Time to dust off the old juris doctor sheepskin, and wonder aloud about the legal advice that Goldman Sachs has gotten over the past few years. It's a question worth asking as I review the firm's recent history of unforced errors in the courtroom. The most recent case in point: the collapsing prosecution of former Goldman computer coder Sergey Aleynikov.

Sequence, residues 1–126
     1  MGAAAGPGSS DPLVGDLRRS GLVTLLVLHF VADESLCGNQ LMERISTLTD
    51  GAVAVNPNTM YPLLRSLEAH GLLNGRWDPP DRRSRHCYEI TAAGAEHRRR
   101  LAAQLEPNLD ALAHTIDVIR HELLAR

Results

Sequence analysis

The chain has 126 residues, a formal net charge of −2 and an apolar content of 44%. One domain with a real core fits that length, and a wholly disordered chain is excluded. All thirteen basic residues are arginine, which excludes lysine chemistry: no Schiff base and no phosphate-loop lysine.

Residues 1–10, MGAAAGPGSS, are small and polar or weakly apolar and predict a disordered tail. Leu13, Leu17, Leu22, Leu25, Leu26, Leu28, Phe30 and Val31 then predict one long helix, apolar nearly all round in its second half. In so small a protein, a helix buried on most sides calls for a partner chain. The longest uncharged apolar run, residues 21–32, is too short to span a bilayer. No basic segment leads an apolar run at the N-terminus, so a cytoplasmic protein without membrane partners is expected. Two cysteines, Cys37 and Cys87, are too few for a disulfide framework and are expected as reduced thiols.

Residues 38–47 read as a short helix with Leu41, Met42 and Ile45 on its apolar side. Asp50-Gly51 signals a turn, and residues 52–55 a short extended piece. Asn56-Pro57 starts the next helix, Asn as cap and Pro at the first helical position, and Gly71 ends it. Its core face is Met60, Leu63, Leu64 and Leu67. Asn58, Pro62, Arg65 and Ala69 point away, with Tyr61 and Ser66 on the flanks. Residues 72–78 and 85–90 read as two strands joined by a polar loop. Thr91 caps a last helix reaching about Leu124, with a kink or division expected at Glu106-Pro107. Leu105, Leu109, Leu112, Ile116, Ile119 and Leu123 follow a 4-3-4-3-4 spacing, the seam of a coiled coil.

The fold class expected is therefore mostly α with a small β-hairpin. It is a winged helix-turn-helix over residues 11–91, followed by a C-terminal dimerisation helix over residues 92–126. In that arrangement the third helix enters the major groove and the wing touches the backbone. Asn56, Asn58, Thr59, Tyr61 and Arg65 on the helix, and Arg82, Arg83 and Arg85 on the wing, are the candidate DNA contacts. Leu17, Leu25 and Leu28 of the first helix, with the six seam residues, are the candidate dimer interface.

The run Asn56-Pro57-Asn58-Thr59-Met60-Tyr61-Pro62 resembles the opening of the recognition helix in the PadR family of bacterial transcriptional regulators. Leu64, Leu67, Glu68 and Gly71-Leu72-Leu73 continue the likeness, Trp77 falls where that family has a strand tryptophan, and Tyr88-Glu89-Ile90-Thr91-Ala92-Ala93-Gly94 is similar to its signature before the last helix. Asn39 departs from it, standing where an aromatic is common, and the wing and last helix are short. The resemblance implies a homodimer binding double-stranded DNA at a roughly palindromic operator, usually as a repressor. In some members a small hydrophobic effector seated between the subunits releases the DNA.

There's a pattern here, and we can discern its outlines by starting with the “Fabulous Fab” Tourre-Abacus case. This was a simple fraud case involving Securities and Exchange Commission rule 10B-5 governing "manipulative and deceptive practices." Any rookie lawyer could have looked at the facts concerning the sale of a monumentally complex security and recommended a quick settlement involving a modest fine. Instead, Goldman received what I can only surmise was some fairly awful advice, leading it to fight the allegations tooth and nail. I don’t know if it was a new legal team or simple exhaustion that led to an about-face, but Goldman settled in 2010 for a whopping $550 million fine and a lot of embarrassment.